1924 City Plan of Tianjin (Tientsin), China

天津最新詳細地圖 / [Latest Detailed Map of Tianjin]. - Main View

1924 City Plan of Tianjin (Tientsin), China


Treaty Port Tianjin.


天津最新詳細地圖 / [Latest Detailed Map of Tianjin].
  1924 (undated)     19.75 x 13.5 in (50.165 x 34.29 cm)     1 : 22500


An unrecorded map of Tianjin (Tientsin), China, printed in 1924 by an unknown creator. It depicts the city at the height of the treaty port era (1842 - 1943), when foreign concessions divided the city into separate administrative zones.
A Closer Look
Color-shading is used throughout the map to designate Tianjin's foreign concessions and the function of buildings, creating a kaleidoscopic effect. Though the color coding is not entirely consistent, generally speaking, temples, government offices, and factories are shaded red, schools are shaded yellow, and parks, businesses, hutongs, and cemeteries are shaded green. The Japanese, Italian (written as 義租界 in the table but as the homophonic 意租界 on the map), French, Belgian, and British Concessions are denoted, as are 'special administrative zones' which replaced the former Russian, German, and Austo-Hungarian concessions following World War I (1914 - 1818) and the dissolution of those empires. The former American Concession of Tianjin, which was never formalized in diplomatic documents, was absorbed into the British Concession in 1902 in the wake of the Boxer Uprising, an arrangement similar to the International Concession in Shanghai, though the American presence in Tianjin was considerably smaller. A legend at top-right explains symbols used throughout, providing information on the city's waterways and terrain, as well as roads, railroads, streetcars, canals, dikes, military garrisons, police stations, and so on.

Statistics are provided in a table at bottom-left on each concession with the population of foreigners and Chinese noted, with the latter number always being larger. The Japanese boasted the largest foreign population, over 1,800 residents, while Belgium managed only 34.

The 'Chinese city' at left had undergone dramatic changes in the preceding years, growing rapidly as the main gateway to Beijing and an outlet for foreign interaction for all of northern China. One stipulation of the foreign occupation of Tianjin at the end of the Boxer Uprising was the demolition of the city's walls, which by the time of this map's publication were replaced by a streetcar line. The northern part of the city was developed as a pet project of Yuan Shikai, who sought to implement the latest methods of urban planning and bureaucratic administration developed in the West.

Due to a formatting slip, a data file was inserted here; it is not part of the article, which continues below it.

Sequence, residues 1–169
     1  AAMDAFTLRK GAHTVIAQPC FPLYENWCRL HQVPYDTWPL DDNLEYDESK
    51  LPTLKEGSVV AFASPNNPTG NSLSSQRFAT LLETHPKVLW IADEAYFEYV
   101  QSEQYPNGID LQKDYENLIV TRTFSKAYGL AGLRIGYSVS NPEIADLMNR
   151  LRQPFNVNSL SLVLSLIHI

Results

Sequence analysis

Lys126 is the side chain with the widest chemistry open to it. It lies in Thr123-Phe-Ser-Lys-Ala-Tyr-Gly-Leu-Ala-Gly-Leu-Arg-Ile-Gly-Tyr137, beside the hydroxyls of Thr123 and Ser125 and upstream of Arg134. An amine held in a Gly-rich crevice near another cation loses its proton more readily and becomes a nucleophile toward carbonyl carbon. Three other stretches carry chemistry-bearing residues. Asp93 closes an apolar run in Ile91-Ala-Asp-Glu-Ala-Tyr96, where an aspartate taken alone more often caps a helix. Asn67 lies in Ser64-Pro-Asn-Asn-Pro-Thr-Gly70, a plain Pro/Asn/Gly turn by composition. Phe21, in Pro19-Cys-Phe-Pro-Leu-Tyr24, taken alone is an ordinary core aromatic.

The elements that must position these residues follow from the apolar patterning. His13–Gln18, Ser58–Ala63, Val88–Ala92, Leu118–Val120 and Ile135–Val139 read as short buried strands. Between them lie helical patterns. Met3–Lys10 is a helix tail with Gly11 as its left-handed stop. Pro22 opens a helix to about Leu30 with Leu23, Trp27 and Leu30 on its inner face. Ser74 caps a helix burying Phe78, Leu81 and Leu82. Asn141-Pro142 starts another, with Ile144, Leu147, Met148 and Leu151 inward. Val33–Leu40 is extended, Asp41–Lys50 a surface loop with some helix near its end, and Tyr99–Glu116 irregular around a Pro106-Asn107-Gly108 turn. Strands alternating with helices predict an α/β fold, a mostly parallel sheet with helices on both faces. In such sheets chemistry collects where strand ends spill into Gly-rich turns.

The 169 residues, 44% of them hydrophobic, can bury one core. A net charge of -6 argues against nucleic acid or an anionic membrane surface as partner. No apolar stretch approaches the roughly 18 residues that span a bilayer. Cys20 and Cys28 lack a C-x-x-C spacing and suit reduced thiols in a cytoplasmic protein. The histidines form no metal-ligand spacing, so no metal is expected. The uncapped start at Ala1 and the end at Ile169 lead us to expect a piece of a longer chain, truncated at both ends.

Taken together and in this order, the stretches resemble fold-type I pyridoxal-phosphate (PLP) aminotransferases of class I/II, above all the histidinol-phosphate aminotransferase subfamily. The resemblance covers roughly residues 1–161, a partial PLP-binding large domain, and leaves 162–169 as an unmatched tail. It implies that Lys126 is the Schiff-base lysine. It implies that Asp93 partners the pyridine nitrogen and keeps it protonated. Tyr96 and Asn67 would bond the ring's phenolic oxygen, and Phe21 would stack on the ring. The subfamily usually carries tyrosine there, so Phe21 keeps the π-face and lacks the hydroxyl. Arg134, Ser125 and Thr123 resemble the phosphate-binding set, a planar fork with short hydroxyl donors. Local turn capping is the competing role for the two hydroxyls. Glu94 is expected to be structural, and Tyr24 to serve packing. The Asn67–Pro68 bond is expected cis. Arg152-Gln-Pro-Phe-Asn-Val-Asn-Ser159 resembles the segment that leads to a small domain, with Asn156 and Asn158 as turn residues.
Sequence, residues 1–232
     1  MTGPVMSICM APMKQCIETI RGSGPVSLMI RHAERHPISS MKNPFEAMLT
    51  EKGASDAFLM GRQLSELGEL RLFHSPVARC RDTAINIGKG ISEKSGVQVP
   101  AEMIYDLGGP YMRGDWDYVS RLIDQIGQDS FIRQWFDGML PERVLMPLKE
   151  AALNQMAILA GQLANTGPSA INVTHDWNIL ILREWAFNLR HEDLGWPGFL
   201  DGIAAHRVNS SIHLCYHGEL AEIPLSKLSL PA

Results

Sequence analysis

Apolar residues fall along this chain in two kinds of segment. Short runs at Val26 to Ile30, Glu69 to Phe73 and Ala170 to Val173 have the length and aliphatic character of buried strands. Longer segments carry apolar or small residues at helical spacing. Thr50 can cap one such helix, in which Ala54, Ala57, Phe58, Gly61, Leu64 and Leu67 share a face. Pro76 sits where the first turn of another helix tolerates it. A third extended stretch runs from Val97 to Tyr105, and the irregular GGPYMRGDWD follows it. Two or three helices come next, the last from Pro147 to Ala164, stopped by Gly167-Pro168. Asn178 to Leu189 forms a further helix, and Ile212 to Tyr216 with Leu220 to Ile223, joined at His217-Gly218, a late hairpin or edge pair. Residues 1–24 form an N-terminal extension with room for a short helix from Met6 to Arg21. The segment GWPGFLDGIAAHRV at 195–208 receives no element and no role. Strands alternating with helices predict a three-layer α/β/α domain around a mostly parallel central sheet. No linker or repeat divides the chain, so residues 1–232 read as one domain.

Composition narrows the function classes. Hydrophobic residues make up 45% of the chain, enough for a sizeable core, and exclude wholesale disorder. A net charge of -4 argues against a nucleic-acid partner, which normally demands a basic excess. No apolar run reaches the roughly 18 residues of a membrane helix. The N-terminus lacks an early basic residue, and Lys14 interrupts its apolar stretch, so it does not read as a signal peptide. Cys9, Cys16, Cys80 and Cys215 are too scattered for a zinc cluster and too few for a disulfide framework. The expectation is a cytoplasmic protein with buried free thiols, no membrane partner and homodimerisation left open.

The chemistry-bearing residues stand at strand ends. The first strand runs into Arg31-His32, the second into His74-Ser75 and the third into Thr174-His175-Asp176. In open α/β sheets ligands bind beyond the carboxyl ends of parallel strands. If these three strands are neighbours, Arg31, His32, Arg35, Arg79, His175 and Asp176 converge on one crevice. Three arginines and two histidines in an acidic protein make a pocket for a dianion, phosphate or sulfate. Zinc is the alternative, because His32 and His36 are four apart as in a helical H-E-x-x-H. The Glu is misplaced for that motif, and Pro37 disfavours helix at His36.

Tianjin as Gateway to Beijing and Northern China
Tianjin's location at the intersection of the Grand Canal and the Hai River, also known (including here) as the Baihe (白河, Peiho River in Western sources), connecting Beijing and Bohai Bay, made it one of the most important ports in China. Grain shipments from southern China had to travel up the canal and through Tianjin to reach the capital (Dadu or Khanbaliq under the Mongol Yuan Dynasty and Beijing under their successors, the Ming and Qing).

Before the 19th century, the Qing restricted European trade because of fears that such activity would upset order in the empire. After the Second Opium War (1856 - 1860), with the Treaty of Tianjin (1858) and Convention of Beijing (1860), the Qing dynasty was forced to open Tianjin as a treaty port, as had already happened to several ports further south. The first concessions in Tianjin were granted to the British and the French, and the others followed quickly at the turn of the 20th century. Tianjin was the site of fighting during the Boxer Uprising in the summer of 1900, when the rebels briefly seized most of the city and cut off its connections with Beijing before being driven out by a multinational force known as the Eight Nation Alliance.